Have you ever wondered what an unemployment rate is? What does it mean? Why is it important and how does it influence Forex traders (also known as currency traders)? Those are all very important questions I will answer on this page.
What is an Unemployment Rate?
An unemployment rate is a fundamental economic development that represents the percentage of a population that is unemployed. So if there is a country with a population of 100, and 7 out of the 100 are without employment, then the unemployment rate for that country is 7 percent; 7 percent is the percentage of the population that is unemployed.
Beware, for there are some countries that don’t use their total population when determining their unemployment rate. Some may use a subgroup within their total population. For example, some countries may use a subgroup of only those who are unemployed but are actively looking for employment when determining their unemployment rate. The reason for that is to excluded those who are willingly and purposely unemployment so that the unemployment rate doesn’t become skewed. Some agree with that type of filtering, some don’t. I am undecided.
Here’s an example of how an unemployment rate would be affected if a country decided to use such a subgroup. If there is a country with a population of 100, and 7 are unemployed, but 4 out of the 7 are unemployed and are actively looking for employment while the other 3 aren’t looking for employment, the new unemployment rate would be 4 percent instead of 7 percent.
Whether a country uses its total population or some subgroup, the unemployment rate gives everyone some insight on a country’s economic health. A high unemployment rate implies poor economic health and an increased likelihood for economic contraction. The inverse is also true. A low unemployment rate implies good economic health and an increased likelihood for economic expansion. So if you’re ever wondering how a country’s economy is doing, take a look at its unemployment rate. The strength of a country’s labor market is a very strong indicator of a country’s overall economic health.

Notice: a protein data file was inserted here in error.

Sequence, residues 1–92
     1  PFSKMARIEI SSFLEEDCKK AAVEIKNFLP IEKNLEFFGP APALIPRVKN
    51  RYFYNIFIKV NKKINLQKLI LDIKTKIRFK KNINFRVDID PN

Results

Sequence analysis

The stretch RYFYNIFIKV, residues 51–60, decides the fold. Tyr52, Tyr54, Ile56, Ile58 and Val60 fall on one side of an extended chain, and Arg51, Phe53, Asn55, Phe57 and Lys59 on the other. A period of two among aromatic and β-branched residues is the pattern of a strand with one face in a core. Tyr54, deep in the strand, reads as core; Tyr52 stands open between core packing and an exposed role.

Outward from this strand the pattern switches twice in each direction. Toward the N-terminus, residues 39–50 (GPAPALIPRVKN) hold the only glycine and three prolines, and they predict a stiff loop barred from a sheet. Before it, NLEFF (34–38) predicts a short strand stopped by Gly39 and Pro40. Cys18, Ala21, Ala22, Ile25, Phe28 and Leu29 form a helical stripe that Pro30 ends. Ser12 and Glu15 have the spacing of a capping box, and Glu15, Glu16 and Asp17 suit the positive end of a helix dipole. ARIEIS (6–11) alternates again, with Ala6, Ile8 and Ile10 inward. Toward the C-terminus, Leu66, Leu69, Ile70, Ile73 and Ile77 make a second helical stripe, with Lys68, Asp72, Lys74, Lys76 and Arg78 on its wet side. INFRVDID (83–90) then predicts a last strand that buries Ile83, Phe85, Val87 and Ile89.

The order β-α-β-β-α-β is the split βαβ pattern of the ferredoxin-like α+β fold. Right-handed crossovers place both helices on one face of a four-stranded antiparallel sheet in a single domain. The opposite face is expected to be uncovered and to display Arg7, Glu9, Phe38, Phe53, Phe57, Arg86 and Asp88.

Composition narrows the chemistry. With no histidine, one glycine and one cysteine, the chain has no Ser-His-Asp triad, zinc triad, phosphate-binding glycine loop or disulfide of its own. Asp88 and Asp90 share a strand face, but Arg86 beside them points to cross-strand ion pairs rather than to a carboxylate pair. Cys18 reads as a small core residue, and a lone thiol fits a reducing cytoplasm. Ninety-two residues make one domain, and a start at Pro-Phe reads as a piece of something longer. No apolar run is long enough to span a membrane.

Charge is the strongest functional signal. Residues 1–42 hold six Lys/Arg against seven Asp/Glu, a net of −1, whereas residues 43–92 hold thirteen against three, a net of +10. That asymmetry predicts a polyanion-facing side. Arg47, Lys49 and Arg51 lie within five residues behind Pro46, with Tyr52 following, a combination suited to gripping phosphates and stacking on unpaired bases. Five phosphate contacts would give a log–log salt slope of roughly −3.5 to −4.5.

Usually the lower the unemployment rate is, the more people that are working, earning an income and spending money. That would equate to a lively, bustling economy. The higher the unemployment rate is, the less people are working, earning an income and spending money. That would equate to a weakening economy. You see? One stat offers great insights.
The Unemployment Rate and Forex Traders
Now that you have a basic understanding of what the unemployment rate is, now it’s time to explain why it is important to Forex traders. Many Forex traders, including myself are very interested in fundamental economic developments that can influence central bankers to alter monetary policy.
Why? Because changes to monetary policy can have a significant impact on currency pair trading prices. Changes in currency pair trading prices can lead to profit or losses depending on a trader’s position. So it is important that a Forex trader performs fundamental analysis and monitor stats like the unemployment rate.
If the unemployment rate is low and the labor market is robust, then there is a high probability that the central bank with monetary policy authority over the economy will enact contractionary monetary policies to combat inflationary pressures. Contractionary monetary policies tend to strengthen a currency, so Forex traders would look to position themselves accordingly while being mindful to conduct technical analysis.
If the opposite were to happen and a country is experiencing a high unemployment rate and the labor market is faltering, then there is a high probability that the central bank would look to implement expansionary monetary policies. Such policies would weaken a currency causing it to devalue relative to other currencies and commodities. A Forex trader would have to make sure that one positions one’s self appropriately to be able to profit from a weakening currency.
I hope you see why Forex traders value the unemployment rate. It allow us to determine how monetary policy will change in response to labor market conditions. Monetary policy changes or even a lack thereof can lead to currency valuation changes. And it is in those currency valuation changes where Forex traders profit or lose.